When the Federal program expires after this school year, the financially strapped district is unlikely to continue the program. Does that mean we can expect a big drop off in the performance of principals who will no longer be incentivized to work extra hard to get a larger share of the bonus pie? If performance remains the same, have the bonuses accomplished anything?

District enrollment continues to shrink as people with school age children move away or find non-public school alternatives. And there can be little doubt that principals have somewhat thankless jobs given all the constraints they must work with and administrative burdens imposed by the massive, politically correct education bureaucracy. But a bonus program that rewards every principal is suspect. If everyone gets a bonus, does that mean not a single principal in the entire system needs to be replaced by someone who can do a better job? If everyone gets a bonus, that almost certainly means the criteria used to determine bonuses is not very demanding.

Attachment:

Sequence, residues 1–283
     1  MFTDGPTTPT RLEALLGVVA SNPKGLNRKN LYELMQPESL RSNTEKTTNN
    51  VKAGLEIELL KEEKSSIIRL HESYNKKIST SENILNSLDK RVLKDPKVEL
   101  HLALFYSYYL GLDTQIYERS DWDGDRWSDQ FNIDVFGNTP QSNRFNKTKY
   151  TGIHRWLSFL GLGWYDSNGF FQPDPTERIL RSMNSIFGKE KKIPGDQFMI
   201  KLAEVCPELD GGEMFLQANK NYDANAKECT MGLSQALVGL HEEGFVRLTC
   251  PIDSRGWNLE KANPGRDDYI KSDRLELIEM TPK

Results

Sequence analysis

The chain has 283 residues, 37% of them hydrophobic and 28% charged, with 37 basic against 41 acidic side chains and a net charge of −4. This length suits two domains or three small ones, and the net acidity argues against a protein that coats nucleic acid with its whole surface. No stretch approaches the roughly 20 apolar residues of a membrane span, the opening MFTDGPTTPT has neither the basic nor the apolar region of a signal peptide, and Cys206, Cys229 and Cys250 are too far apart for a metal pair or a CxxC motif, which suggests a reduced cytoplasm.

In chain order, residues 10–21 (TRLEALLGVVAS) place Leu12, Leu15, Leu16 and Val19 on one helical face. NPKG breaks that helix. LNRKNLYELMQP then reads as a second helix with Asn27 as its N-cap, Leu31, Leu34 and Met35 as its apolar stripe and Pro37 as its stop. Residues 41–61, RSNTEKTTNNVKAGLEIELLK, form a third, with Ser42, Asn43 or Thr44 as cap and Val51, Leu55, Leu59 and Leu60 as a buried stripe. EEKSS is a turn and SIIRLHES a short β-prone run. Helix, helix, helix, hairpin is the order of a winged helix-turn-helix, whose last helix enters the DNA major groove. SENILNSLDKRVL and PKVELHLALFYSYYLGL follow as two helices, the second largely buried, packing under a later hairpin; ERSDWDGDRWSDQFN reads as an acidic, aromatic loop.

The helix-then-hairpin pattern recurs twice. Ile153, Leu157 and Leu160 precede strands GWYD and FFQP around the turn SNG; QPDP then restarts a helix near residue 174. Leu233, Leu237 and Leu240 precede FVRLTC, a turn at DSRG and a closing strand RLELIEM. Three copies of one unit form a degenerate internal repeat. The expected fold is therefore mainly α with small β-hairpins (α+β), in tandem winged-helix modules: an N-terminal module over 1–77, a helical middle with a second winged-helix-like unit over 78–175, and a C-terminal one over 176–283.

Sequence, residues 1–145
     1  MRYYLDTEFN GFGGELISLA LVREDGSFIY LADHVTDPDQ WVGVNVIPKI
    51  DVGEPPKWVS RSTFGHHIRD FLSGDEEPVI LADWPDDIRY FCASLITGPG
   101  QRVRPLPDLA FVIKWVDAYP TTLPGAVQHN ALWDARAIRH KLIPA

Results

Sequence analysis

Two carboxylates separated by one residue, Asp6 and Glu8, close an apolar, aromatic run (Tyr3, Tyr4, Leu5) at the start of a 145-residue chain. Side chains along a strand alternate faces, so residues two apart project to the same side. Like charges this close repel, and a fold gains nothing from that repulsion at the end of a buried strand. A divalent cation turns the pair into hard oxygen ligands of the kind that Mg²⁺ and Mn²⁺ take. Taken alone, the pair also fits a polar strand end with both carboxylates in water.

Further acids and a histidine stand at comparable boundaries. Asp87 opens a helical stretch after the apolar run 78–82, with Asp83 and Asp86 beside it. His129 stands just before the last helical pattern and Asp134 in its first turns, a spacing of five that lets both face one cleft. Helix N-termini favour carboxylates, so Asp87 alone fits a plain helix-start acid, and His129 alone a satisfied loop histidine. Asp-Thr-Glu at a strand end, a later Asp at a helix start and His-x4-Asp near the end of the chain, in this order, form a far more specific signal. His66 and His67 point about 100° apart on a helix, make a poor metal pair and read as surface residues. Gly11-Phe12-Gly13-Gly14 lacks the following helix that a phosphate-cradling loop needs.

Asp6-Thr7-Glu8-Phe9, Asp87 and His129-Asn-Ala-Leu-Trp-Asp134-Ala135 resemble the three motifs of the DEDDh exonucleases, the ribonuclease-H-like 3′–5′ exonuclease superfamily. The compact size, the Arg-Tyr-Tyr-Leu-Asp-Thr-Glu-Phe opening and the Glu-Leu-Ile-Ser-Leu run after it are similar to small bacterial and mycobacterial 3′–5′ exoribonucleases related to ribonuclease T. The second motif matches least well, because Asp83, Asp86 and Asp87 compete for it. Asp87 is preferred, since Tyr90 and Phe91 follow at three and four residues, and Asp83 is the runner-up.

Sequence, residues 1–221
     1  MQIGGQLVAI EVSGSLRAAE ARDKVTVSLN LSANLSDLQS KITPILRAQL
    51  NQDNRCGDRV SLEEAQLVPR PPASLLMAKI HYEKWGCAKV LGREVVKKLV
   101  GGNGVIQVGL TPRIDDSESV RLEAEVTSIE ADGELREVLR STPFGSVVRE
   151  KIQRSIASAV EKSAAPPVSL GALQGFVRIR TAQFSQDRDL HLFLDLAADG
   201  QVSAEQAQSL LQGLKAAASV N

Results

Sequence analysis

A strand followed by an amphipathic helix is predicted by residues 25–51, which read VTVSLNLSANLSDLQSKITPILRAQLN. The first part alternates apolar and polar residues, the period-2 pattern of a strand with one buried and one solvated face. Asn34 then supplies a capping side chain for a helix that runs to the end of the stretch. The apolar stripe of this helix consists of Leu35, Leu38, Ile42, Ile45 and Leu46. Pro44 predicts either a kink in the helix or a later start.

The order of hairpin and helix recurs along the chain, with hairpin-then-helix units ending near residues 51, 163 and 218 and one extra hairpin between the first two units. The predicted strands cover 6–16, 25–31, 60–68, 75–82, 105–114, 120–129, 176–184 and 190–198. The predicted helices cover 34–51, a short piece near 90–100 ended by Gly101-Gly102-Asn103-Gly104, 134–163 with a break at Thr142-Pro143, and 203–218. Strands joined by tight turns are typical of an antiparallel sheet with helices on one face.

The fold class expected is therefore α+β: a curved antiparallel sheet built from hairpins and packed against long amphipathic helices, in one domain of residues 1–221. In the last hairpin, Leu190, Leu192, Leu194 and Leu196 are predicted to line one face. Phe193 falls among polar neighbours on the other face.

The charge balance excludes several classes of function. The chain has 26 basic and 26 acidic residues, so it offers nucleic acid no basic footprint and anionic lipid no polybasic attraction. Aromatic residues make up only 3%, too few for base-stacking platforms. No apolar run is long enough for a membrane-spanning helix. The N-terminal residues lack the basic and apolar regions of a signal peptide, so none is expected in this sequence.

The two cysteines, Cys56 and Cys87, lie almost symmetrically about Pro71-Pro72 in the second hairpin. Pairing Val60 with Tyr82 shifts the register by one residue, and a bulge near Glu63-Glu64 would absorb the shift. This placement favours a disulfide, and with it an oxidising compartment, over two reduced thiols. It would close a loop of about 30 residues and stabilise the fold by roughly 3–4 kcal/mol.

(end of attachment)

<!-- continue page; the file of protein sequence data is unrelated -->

Bonuses can be useful if done right. If the District chooses to continue the program it should establish a bonus system that is well thought out, sets very high and meaningful education attainment goals for the students and is judged impartially by a team from outside District administration. Make the rewards for the top bonus recipients substantial and no awards would be given to any principal not achieving well above a satisfactory level of performance.